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Chotika Riverfront :: Home
 

Chotika Riverfront Amphawa

The water-front wooden house has been renovated into comfortable guestrooms that welcome any visitor wishing to enjoy the charming view of the Meklong River and to get to know the families of the riverfront communities whose daily activities still depend on the natural water source, as in the old days.

Chotika Riverfront House projects out into the Meklong River, providing a panoramic view - especially at night when beautiful lights coming from the distant temples and private wooden homes can be seen. The House also extends into the Meklong Canal, creating a private and peaceful atmosphere where guests can indulge themselves with Thailand’s best tropical fruits of Samutsongkram province, including bananas, pommelos, lychees and coconuts.

History of Chotika Riverfront House

Chotika Riverfront House was first built in 1942 by Khun Veerakom and Khun Banjong Chotikapanich. The property is adjacent to their private home and the Bangjak Canal, the Meklong River and the Chotikapanich timber yard — their family business.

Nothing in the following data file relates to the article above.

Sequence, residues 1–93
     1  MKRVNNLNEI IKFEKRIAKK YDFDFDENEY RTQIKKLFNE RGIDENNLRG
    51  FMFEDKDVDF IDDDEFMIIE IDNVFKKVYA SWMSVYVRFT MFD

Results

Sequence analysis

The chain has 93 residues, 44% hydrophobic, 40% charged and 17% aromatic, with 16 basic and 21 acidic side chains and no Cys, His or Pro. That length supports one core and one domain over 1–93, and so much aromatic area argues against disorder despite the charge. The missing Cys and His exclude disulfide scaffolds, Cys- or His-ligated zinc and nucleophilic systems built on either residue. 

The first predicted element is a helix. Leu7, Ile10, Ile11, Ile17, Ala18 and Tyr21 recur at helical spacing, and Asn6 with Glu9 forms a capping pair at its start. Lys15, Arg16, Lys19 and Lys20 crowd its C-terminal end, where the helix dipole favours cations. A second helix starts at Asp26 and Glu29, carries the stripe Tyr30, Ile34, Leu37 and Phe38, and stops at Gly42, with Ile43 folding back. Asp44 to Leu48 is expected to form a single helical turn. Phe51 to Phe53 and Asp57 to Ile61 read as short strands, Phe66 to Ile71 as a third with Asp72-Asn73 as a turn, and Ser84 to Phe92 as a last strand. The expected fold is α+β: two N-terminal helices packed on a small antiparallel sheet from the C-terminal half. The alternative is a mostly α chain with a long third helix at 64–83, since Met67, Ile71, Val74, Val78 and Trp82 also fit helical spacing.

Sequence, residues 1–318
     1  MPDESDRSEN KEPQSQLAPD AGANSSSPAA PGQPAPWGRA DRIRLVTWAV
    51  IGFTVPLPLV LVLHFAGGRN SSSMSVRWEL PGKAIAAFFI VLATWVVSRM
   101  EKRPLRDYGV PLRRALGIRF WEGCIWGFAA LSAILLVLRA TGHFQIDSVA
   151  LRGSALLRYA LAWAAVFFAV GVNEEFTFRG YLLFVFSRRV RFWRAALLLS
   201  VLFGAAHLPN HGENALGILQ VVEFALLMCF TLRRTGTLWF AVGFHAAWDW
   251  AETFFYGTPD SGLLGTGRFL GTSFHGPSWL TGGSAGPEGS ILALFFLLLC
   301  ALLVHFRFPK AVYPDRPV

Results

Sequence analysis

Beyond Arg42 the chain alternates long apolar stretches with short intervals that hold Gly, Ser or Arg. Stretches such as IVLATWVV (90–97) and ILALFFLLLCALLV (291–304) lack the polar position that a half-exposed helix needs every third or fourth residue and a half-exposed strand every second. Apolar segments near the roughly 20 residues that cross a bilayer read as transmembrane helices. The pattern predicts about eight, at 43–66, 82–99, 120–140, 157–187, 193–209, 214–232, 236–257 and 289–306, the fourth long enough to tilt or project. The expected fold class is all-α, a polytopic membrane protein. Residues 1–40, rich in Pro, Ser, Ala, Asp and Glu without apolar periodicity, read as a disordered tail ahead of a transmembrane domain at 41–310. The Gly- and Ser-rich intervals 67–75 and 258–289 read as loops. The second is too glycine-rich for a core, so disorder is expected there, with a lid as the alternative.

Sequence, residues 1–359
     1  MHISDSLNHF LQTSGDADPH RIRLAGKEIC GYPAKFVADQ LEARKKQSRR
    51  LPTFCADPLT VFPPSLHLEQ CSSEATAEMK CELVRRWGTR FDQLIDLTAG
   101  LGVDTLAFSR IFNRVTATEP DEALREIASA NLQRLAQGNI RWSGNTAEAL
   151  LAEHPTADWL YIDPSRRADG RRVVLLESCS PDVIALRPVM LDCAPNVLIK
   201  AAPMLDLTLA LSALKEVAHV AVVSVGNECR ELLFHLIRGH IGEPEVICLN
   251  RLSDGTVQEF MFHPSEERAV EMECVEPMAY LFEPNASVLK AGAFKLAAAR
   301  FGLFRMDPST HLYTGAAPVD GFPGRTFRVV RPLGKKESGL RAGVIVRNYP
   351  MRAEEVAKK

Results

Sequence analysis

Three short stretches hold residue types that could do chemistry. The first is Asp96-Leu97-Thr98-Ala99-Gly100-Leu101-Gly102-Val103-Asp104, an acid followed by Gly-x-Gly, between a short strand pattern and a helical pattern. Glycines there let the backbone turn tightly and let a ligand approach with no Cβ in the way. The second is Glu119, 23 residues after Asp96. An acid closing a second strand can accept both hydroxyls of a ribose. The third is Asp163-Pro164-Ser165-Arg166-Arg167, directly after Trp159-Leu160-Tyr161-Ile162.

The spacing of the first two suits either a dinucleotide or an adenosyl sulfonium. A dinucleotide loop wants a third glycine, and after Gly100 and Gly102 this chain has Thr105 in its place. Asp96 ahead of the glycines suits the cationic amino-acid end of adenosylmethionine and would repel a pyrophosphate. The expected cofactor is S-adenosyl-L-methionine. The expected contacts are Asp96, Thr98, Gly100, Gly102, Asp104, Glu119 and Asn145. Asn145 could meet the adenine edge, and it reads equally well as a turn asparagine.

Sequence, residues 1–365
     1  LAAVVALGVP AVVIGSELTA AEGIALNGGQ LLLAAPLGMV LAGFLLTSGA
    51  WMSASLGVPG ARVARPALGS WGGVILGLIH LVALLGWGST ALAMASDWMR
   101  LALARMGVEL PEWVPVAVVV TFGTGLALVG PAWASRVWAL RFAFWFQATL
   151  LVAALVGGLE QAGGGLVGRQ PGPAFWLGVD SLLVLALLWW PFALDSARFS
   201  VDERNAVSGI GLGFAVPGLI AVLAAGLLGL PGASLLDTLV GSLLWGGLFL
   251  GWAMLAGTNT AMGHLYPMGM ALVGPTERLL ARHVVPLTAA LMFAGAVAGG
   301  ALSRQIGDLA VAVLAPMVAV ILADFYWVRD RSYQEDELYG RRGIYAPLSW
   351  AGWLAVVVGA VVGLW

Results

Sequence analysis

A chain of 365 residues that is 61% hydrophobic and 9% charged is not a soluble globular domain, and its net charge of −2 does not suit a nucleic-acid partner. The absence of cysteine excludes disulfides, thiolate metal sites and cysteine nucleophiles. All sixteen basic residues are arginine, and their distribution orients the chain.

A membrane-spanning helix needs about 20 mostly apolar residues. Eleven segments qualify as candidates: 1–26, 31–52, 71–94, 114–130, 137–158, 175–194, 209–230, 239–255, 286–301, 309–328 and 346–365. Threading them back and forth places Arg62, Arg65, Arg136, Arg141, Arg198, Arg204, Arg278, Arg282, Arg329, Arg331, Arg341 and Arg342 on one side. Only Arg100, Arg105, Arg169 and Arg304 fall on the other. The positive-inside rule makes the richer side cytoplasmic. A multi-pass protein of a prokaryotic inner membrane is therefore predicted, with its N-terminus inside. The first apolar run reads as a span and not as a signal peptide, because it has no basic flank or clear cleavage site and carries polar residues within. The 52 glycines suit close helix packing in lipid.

The house was first rented out as store space during the days when road transport was not so common, with commercial activities being undertaken along the waterways. Over 20 years ago, residents living near rivers and canals mainly commuted with their boats — traditional long tail or motorized. This generated income for various types of waterfront businesses including drug stores, restaurants, grocery stores, gold stores, clinics, tailors, and photographic labs ect.

Bangjak Canal was also famous for its floating market which was held every morning of the 1st, 6th, 11th days of the lunar half-cycle. On these days, you could witness hundreds of boats crowding the canal and spilling out onto the Meklong River. Some of these traveled all the way from Ratchaburi, Petchburi and Kanchanaburi provinces carrying rice for sale or barter. Only until 30 years ago could such commercial activities be seen along rivers and canals. These trading gatherings at Bangjak Canal, as well as at other ones, slowly disappeared as road transport became more developed and traders preferring to commute by cars, buses and motorcycles.